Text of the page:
Compliments of our resident Newfie, WU Blogger - Incogkneetoe



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Japan NHK TV English USTREAM Feed
Member Since: July 3, 2005 Posts: 426 Comments: 128767
The #2 Unit is putting out a lotta Steam/Fallout,Vapor ATM
Member Since: July 3, 2005 Posts: 426 Comments: 128767
Quoting twincomanche:
"During the 1950s and 1960s, the dangers of using radium was recognized and it was phased out in the US. Instead, either non-radioactive phosphorus compounds were used or various tritium compounds were used. Other countries, especially third world countries, still use radium. For example, Iraqi tanks captured during the Gulf War had radium dials on gauges."
That is about as credible as the Geiger counter app. Got a linky-thing for those falsehoods? The full dangers of radium were well-known before the 1950's and 1960's.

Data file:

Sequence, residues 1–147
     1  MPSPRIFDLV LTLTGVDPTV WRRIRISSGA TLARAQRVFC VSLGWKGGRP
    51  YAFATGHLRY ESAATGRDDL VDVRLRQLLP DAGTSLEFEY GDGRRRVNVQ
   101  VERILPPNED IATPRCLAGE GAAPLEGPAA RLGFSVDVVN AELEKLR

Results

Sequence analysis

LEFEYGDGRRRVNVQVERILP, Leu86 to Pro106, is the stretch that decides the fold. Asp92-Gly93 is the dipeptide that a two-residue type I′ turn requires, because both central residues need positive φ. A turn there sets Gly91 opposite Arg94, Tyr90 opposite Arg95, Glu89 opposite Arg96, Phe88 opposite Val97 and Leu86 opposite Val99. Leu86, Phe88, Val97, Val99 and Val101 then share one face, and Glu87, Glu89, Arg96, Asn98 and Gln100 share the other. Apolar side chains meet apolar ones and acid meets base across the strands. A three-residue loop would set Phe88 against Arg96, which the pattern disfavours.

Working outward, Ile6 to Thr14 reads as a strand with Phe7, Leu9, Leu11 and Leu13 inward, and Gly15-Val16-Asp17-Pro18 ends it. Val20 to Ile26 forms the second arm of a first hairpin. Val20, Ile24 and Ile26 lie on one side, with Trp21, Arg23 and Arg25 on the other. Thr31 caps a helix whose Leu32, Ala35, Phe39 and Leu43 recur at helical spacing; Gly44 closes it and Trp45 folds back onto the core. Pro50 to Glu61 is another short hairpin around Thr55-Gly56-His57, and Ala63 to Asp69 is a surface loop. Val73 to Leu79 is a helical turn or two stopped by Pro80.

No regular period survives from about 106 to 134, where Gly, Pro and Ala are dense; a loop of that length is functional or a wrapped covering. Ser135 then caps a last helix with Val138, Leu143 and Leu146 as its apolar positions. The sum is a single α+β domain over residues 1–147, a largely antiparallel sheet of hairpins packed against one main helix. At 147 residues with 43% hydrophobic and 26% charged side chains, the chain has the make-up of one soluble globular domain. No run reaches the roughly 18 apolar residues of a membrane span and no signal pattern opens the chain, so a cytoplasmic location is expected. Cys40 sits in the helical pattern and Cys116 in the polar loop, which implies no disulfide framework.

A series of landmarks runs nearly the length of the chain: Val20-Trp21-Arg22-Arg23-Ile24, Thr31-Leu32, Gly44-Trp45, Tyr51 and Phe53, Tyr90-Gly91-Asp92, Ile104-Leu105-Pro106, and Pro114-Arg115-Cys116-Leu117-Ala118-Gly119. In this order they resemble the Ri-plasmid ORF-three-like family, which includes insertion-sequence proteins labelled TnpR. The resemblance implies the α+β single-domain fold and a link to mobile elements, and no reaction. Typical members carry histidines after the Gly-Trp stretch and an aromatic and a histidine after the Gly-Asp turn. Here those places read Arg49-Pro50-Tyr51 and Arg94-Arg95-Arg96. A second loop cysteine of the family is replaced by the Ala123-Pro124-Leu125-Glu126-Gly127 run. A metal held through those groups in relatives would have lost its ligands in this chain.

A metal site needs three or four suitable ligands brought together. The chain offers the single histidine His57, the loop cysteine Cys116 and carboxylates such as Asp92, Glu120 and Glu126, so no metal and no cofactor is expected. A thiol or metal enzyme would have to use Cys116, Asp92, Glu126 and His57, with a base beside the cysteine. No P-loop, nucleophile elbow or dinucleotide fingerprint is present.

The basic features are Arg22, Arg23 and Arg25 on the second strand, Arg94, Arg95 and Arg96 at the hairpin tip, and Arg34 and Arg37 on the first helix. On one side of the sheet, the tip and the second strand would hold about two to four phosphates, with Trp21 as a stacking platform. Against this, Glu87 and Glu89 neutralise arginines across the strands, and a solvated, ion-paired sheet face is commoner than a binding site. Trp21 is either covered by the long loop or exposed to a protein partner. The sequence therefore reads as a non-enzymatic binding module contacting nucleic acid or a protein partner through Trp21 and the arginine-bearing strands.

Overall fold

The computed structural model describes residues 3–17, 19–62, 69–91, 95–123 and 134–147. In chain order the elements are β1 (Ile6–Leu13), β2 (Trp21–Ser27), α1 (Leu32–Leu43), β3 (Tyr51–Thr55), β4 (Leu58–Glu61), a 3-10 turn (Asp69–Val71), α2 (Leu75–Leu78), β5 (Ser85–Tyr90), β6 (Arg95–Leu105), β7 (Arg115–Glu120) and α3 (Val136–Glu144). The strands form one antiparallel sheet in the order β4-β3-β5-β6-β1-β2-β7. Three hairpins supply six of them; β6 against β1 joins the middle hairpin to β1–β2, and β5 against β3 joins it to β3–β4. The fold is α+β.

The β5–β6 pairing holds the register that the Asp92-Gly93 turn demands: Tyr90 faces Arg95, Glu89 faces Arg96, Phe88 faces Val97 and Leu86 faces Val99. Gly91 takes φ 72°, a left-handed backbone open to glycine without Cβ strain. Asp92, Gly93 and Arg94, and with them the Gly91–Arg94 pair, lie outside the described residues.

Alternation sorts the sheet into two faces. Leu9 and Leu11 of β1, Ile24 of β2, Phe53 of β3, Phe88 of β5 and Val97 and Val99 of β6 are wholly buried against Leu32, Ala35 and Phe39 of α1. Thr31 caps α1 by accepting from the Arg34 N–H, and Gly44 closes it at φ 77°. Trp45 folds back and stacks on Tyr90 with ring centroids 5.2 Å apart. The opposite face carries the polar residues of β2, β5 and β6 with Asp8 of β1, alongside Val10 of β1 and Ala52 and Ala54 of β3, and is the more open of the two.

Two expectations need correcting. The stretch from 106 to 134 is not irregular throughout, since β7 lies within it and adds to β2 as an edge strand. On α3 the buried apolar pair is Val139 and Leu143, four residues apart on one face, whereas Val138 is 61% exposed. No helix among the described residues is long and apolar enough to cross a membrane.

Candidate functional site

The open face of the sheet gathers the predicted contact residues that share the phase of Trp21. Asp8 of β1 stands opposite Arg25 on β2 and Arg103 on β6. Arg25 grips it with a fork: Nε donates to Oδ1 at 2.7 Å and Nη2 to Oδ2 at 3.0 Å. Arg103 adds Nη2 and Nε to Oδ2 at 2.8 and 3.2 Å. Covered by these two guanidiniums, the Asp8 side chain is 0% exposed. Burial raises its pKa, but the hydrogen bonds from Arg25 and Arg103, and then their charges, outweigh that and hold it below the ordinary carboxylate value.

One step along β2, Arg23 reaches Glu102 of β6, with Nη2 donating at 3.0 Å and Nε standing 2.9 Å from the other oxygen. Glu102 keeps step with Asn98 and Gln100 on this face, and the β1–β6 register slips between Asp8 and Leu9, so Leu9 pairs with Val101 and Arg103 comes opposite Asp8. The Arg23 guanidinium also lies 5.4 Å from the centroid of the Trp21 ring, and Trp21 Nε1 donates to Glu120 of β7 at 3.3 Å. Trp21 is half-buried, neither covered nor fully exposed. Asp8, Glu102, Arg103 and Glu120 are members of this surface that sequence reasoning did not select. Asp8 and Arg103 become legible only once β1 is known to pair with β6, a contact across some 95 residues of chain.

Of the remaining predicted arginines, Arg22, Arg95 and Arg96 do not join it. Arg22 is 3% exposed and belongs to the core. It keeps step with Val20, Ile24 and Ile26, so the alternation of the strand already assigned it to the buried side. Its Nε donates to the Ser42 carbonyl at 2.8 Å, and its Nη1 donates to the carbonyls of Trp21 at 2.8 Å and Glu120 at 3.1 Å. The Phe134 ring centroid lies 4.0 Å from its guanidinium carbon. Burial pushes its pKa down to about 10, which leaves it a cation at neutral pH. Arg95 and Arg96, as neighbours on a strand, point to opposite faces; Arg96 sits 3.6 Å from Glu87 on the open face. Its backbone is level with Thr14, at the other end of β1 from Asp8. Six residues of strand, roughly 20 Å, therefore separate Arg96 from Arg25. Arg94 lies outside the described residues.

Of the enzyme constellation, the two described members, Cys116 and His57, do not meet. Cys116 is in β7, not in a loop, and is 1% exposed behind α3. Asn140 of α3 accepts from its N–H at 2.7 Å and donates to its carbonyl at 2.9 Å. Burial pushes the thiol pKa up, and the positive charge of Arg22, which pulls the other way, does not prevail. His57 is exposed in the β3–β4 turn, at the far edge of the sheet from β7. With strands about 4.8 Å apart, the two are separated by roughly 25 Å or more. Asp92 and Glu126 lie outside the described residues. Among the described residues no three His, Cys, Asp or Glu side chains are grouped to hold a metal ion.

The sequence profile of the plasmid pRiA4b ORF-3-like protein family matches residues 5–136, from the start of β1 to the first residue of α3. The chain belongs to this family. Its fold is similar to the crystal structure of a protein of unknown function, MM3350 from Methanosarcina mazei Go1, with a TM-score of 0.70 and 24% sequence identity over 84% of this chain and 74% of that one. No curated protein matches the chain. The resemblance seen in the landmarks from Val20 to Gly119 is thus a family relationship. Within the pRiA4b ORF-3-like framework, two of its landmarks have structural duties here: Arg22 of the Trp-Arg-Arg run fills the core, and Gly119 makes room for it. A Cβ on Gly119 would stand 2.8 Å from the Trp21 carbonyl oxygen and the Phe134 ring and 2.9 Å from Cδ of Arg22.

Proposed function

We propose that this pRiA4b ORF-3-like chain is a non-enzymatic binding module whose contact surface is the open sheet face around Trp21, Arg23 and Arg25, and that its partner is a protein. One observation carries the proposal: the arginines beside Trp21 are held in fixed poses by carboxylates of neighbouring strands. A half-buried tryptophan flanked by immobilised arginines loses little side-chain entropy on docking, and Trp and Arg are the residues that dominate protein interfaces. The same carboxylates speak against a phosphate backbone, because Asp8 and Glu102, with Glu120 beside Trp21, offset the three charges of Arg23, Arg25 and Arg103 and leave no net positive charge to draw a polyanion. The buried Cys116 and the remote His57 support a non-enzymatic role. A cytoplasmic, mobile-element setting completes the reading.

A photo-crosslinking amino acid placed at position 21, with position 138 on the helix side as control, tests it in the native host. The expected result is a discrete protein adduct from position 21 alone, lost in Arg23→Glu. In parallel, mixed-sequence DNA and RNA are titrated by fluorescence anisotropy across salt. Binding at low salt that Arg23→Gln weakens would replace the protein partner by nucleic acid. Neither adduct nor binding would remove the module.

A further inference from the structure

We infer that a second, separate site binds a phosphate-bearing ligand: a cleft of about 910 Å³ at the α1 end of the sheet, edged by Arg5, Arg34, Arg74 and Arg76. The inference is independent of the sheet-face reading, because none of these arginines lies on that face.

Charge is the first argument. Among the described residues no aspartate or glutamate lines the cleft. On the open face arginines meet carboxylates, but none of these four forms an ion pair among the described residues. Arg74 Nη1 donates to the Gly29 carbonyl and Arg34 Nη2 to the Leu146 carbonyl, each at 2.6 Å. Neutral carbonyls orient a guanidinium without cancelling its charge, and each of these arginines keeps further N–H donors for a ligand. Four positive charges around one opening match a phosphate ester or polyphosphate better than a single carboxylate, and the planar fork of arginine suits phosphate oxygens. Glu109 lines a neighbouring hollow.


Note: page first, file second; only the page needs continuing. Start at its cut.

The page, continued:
For example, here is a differing source, quoted from The Human Plutonium Injection Experiments (pdf)
In January 1944, at the same time the first milligrams of reactor-produced plutonium were being shipped from Clinton, Seaborg and others at the Met Lab began thinking seriously about the fact that more and more people would soon be working with gram quantities of plutonium—perhaps thousands of people at Hanford alone. Hamilton had probably informed Seaborg of a 1943 paper by Robley Evans about the dangers of radium and the deaths of radium-dial painters in the 1920s, in this way alerting Seaborg to a potentially similar situation with plutonium. The Evans paper estimated that as little as 1 or 2 micrograms of radium retained in a person’s skeleton could cause cancer, a latent radiation effect. It also explained the reasoning behind the occupational tolerance limit of 0.1 micrograms for radium retained in the body.